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Canada’s innovative medicines industry is striving to become a global life sciences leader, but needs the government to remove obstacles that stand in the way of reaching that goal.Supplied

Canada has some of the most talented and respected biopharmaceutical and life sciences talent in the world. Many are pursuing groundbreaking discoveries of new medicines and treatments that could benefit patients in Canada and elsewhere and make us a global life sciences leader.

But we can do more. To get there, we need to harness our strengths, such as talent, and remove obstacles, such as restrictive regulatory pricing regimes and policies that drive business, jobs and medicines out of Canada, instead of toward Canadians.

There is a path forward with good lessons revealed by the COVID-19 pandemic.

Collaboration over the past year between industry, governments, researchers and patients resulted in the discovery, development, approval and delivery of vaccines and treatments in near record time. In fact, the mRNA technology used in some of the approved vaccines has a Canadian connection, and the Canadian company AbCellera discovered the antibody that neutralizes viral variants of COVID-19.

A collaborative model ought to become standard and enshrined in a comprehensive strategy that recognizes the importance of establishing a thriving life sciences sector. And we require a “whole-of-government” approach that considers not only the bio-manufacturing strategies we need but also the policy and regulatory environment necessary to attract investment and innovation.

The federal government’s Biomanufacturing and Life Sciences Strategy unveiled in July was a welcome step in this direction and will help elevate Canada’s standing in a competitive global industry.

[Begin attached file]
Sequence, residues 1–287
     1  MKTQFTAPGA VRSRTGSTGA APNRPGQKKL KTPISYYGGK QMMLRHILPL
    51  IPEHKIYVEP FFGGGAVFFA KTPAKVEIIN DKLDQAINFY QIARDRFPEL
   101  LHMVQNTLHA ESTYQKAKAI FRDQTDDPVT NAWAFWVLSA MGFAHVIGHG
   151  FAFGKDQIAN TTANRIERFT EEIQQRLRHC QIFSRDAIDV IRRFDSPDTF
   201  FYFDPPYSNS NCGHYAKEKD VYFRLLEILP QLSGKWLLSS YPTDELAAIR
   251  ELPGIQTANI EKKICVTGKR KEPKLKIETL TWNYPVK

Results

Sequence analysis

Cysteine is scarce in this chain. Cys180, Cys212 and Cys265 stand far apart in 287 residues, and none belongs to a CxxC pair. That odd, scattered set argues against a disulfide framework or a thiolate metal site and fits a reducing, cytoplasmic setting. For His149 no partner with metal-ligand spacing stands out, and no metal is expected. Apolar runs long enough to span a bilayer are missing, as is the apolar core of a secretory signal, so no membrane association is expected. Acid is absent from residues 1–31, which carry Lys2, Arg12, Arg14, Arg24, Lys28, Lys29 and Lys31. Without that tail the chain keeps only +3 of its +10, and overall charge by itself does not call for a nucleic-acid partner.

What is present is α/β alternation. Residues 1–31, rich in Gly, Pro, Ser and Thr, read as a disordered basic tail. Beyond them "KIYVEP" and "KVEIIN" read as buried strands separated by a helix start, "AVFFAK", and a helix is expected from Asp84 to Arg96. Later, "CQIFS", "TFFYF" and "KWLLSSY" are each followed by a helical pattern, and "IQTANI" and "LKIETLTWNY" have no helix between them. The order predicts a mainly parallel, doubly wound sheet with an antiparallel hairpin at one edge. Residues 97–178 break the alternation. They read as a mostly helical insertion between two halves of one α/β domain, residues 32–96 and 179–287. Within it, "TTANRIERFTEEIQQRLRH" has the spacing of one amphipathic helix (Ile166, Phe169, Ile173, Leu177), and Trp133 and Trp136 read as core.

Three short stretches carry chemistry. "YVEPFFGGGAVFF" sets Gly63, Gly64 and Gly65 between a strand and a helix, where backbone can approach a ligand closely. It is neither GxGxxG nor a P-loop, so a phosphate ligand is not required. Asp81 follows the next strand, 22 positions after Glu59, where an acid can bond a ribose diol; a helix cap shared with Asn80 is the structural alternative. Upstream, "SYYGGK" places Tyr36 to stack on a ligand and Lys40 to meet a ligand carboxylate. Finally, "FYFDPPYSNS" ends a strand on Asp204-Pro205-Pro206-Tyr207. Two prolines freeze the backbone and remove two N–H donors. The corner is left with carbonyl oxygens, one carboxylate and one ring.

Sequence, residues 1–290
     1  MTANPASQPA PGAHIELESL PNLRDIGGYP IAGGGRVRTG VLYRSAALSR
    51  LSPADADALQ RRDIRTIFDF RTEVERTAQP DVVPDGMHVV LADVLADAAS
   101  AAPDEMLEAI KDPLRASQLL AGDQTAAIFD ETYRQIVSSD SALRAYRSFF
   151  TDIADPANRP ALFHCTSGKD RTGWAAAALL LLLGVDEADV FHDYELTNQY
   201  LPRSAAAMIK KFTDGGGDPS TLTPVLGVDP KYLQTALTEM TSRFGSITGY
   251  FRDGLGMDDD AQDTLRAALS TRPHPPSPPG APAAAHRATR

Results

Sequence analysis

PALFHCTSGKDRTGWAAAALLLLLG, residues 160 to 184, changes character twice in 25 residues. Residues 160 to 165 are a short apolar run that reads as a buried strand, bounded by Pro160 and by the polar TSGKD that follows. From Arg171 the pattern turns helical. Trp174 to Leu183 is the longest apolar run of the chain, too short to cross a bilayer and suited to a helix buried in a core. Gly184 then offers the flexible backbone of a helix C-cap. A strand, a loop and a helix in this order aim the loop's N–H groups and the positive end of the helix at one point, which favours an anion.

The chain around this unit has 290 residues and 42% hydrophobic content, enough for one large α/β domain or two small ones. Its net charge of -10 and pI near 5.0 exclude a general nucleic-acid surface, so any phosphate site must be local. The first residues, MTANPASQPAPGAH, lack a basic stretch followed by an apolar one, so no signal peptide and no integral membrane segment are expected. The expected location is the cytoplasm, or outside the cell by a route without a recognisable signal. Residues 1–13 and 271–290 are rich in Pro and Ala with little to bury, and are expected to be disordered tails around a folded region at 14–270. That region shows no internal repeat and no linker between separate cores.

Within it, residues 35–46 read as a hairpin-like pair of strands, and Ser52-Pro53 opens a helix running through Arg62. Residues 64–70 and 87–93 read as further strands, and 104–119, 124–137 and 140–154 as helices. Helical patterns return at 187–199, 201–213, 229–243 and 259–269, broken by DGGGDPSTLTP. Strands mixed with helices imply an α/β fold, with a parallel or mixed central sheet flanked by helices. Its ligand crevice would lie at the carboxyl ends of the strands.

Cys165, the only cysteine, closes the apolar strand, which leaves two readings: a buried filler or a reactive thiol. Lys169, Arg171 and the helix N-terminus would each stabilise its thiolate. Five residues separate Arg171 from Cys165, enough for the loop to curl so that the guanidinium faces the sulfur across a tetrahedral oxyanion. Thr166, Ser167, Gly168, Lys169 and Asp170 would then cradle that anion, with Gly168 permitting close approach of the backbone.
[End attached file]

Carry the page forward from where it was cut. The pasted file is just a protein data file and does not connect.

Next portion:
Pamela Fralick, President of Innovative Medicines CanadaSupplied

But while the initiative signalled a commitment to work with industry to protect Canadians against future pandemics, it’s not enough. In fact, we need to go much further to achieve the government’s stated priority of ensuring access to critical vaccines, therapeutics and other lifesaving medicines for Canadians, during pandemics and every day.

To get there, we must remove the obstacles to life sciences research and innovation created by the Patented Medicine Prices Review Board (PMPRB), Canada’s drug pricing ceiling regulator.

Despite widespread opposition from patient groups, industry and other stakeholders, the PMPRB’s new regulations on drug pricing will discourage future investments in pharmaceutical R&D and will limit patient access to potentially lifesaving and life-improving new medicines. The new regulations are due to come into effect on January 1, 2022.

The regulations would cut some drug prices to a level that would discourage many manufacturers from introducing new products into Canada or investing in the Canadian market. Currently, we have access to only 48 per cent of all new medicines available globally. The PMPRB changes would mean fewer clinical trials, less homegrown R&D and, most importantly, even more limited access for Canadians to the newest medicines.

COVID-19 gave decision-makers a rare opportunity to re-think how to advance our life sciences sector and to recognize that the development of new medicines goes well beyond pandemics. All Canadians are impacted by innovative medicines, as patients themselves or with families and friends. Cancers, for example, don’t pause for pandemics.

It’s time to work collaboratively on removing roadblocks and creating opportunities to bring investment, jobs and lifesaving medication to Canadians. As advancements in health innovation surge globally, let’s make sure Canada leverages its strengths now, for leadership going forward.

Advertising feature produced by Randall Anthony Communications. The Globe’s editorial department was not involved.